Friday, July 29, 2011


Are two arms just not enough? Learn how the other half lives with a look at octopuses.

Octopuses (or octopodes) are mollusks in the Cephelopoda (literally “head-feet”) Class, along with squids, cuttlefish, and nautilus. Unlike their relatives, most octopuses lack an external or internal shell; their squishy bodies can easily squeeze through small spaces. These creatures sport eight muscular arms used for swimming, usually lined with suction cups for walking, climbing, and grasping prey. At the center point of its arms, there’s a hard beak used to crush and eat.

It’s large head or mantle holds two eyes that see with human-like acuity, along with two multi-purpose cavities. Since their gills are internal, octopodes draw water into the mantle cavities to breath. The octopus’s two brachial hearts pump blood through its two gills to be oxygenated, while the third heart distributes blood through the rest of the body. The mantle also contains siphons for expelling waste and water; a frightened octopus can use its siphons for jet propulsion to make a speedy escape.

The mantle cavity also plays a vital reproductive role. To mate, male octopuses load a modified tentacle (the hectocotylus) with sperm, and inject it into a female’s mantle cavity. After the eggs hatch, the female quickly shoos her hatchlings from her lair, leaving them to float amongst surface plankton until they reach adulthood. For the handful that survive, life is still short; octopuses live between six months and two years and die months after mating.

To maximize their short lifespan, octopuses sport a wide array of defense. Many species of octopodes spray ink to make a quick getaway and mask their smell, while some species have been seen walking on two legs while waving the other six about, waltzing away from a fight disguised as a plant. Additionally, all octopodes have chromataphores, allowing them to change color and blend in with their surroundings.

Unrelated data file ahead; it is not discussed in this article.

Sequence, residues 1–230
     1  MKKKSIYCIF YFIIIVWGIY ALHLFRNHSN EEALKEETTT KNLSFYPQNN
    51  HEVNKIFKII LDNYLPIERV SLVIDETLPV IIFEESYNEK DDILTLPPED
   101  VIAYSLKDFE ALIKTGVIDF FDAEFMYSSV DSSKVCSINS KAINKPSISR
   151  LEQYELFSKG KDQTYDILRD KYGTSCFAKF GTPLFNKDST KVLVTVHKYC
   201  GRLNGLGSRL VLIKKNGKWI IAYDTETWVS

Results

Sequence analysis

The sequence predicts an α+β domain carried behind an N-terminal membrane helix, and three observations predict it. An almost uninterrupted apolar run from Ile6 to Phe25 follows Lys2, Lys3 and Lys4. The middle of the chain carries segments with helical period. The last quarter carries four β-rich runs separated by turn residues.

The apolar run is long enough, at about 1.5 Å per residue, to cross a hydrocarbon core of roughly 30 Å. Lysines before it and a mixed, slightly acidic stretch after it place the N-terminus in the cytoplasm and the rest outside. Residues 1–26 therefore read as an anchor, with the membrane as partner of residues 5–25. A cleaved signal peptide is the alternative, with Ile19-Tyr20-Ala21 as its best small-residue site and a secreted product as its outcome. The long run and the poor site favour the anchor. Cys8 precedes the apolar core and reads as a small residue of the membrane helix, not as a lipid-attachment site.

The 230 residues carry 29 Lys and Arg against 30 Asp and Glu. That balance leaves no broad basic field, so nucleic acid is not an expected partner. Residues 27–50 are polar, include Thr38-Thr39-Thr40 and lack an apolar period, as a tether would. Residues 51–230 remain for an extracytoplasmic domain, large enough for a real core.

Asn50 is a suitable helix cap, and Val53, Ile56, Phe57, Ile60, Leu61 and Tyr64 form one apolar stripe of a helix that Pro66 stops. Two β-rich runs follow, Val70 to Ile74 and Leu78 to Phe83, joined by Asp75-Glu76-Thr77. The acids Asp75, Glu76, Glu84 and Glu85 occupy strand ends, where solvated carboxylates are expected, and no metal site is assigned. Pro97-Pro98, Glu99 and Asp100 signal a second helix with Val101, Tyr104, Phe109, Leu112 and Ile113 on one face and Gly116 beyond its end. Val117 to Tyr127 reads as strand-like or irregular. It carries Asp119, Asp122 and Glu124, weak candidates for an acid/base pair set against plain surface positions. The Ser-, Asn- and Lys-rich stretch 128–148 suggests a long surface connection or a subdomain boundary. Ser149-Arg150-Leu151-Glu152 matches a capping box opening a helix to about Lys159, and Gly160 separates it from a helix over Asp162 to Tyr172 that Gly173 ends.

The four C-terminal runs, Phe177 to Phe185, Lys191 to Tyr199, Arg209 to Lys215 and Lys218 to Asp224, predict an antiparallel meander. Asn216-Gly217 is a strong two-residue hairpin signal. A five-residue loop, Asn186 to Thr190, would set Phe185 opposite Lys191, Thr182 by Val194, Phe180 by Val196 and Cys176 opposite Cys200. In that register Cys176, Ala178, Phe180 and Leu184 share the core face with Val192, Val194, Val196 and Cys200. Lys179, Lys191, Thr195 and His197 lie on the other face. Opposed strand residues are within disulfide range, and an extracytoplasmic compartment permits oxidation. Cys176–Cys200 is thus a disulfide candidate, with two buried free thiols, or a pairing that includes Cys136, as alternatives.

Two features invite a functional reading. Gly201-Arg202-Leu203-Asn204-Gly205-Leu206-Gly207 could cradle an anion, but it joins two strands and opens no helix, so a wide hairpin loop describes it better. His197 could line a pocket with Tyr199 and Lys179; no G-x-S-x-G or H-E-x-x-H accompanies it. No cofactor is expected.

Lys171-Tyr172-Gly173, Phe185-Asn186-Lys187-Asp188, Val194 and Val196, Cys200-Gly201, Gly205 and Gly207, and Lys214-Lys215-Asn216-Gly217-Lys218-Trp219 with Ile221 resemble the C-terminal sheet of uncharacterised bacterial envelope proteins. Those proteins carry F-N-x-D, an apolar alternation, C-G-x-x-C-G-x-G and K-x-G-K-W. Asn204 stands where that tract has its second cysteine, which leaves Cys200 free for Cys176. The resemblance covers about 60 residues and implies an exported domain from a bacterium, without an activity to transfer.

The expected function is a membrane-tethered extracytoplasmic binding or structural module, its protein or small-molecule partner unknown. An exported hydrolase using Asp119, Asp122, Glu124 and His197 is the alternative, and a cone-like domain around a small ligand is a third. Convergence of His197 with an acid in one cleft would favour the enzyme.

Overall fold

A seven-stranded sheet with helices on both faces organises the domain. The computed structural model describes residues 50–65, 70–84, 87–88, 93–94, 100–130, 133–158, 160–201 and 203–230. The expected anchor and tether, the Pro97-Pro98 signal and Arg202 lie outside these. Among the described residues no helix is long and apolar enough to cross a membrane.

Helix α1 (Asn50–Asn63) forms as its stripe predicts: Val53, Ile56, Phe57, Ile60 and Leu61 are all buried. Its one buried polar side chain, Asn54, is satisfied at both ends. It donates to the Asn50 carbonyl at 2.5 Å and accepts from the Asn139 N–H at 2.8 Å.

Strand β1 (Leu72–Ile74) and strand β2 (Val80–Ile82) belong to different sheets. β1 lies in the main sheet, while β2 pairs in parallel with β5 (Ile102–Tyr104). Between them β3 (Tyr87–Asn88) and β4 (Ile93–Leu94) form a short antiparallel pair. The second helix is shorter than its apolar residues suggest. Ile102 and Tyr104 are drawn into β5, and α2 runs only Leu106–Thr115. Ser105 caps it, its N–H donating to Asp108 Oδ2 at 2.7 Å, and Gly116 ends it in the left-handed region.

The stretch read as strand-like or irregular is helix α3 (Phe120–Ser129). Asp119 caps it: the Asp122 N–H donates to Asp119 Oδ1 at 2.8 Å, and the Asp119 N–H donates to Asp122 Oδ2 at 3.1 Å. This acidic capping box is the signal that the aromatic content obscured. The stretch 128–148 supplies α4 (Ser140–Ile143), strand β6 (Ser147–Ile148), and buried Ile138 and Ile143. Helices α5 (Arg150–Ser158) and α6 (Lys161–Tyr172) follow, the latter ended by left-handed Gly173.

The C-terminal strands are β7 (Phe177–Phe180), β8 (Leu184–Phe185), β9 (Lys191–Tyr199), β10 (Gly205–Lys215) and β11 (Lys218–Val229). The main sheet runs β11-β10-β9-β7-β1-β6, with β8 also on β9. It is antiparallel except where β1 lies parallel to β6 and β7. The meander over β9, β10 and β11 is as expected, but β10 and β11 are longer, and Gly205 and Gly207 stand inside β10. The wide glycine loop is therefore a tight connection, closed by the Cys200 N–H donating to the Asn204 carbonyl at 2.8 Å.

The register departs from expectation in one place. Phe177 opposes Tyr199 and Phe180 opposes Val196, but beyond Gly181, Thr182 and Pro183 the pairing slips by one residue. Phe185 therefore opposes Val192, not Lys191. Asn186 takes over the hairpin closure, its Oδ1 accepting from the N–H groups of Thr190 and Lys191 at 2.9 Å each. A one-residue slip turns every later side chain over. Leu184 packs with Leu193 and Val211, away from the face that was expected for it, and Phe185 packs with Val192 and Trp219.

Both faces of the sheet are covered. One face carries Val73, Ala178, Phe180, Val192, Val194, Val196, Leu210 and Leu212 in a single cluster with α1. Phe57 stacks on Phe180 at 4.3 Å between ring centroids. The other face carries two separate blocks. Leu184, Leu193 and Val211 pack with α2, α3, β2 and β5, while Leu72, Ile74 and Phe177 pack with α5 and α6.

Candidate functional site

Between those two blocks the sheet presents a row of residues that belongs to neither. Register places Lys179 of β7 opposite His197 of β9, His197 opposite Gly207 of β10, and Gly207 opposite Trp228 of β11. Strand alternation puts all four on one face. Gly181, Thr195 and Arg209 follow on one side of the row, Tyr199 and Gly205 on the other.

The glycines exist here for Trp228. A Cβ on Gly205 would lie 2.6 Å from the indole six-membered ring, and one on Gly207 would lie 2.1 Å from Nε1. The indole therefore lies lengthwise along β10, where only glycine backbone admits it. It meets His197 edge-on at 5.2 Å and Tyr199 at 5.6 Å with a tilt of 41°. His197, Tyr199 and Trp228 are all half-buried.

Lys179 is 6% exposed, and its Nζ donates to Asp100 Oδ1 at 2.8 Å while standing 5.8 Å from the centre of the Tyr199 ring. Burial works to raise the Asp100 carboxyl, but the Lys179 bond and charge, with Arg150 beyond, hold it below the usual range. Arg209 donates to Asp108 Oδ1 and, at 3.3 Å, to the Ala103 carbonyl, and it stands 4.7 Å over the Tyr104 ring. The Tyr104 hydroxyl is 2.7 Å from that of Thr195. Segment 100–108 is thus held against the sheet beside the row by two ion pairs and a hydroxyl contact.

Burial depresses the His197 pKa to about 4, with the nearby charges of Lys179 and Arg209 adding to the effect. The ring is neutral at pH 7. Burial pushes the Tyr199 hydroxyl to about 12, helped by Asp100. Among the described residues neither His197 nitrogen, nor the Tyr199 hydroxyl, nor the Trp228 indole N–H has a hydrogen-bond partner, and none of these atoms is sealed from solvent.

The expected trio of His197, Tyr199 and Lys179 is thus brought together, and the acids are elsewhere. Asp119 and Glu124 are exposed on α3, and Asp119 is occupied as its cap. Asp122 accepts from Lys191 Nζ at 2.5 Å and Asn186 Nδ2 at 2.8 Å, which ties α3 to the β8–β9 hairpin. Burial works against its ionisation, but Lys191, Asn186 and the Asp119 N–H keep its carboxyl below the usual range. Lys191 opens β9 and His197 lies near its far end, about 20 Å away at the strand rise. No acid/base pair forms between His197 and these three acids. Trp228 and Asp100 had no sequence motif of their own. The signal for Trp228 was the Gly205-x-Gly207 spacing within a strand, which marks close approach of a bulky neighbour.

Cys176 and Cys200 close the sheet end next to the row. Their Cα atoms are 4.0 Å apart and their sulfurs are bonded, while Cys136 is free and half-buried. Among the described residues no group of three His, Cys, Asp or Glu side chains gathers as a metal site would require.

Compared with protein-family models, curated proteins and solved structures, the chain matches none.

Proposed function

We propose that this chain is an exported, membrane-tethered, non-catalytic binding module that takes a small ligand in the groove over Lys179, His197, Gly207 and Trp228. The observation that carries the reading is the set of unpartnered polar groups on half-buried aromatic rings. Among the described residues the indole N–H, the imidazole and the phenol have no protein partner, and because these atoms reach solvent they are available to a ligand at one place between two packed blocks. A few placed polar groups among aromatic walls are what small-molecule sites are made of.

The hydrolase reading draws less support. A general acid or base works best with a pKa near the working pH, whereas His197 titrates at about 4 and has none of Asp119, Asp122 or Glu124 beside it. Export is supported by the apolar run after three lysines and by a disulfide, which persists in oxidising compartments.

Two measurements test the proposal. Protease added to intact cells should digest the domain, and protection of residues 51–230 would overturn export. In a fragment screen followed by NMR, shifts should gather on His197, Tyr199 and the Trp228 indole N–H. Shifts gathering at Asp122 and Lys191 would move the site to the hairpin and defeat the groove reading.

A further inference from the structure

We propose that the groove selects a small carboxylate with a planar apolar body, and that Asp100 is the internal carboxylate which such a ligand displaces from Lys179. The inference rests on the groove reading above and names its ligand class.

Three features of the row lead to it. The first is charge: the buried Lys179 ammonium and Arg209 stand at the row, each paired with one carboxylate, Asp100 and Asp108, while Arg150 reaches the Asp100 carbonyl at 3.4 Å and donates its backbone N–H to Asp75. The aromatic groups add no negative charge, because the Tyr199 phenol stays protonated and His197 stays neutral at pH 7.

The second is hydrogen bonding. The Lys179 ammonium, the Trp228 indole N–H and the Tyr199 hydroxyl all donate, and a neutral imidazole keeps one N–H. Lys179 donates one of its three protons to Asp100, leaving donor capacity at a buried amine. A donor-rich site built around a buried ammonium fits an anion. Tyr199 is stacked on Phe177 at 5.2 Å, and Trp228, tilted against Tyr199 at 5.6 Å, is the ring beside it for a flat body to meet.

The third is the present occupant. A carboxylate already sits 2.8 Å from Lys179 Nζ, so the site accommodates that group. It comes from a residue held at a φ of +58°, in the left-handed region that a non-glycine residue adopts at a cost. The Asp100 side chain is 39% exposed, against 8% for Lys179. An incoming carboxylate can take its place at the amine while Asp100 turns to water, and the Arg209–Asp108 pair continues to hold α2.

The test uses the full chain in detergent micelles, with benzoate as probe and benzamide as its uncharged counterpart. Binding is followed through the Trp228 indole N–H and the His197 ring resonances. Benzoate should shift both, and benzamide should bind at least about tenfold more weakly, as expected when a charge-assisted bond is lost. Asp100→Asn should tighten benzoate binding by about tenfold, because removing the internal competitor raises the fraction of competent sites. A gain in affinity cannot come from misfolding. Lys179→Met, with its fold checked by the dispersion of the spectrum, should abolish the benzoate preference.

Octopuses are widely considered the smartest invertebrate. In the lab, they’re able to perform elaborate maze and memory tasks, and engage in play activity with balls and bottles. They’ve also been recorded escaping from aquariums to eat unsuspecting inhabitants of nearby tanks. In the wild, octopuses are known to use tools, taking shelter under coconut halves and lining their layers with shells and rocks to create a fortress or “garden.” Mimic octopuses make spectacular use of their smarts by combining their chromataphores and keen observational learning to convincingly imitate other, dangerous species. Despite this astonishing intelligence, octopuses are still probably not psychic.

As a last note, consider the heavily debated plural “octopi.” The word comes from the incorrect assumption that “octopus” is a Latin noun, which would make the plural i-ending correct. Really, octopus comes from the Greek oktapous (“eight-footed”), making this a case of hypercorrection: the over-application of a grammatical rule. Octopuses are pretty darn smart, but it seems humans might be a bit too smart for their own good.

Source: 1, 2, 3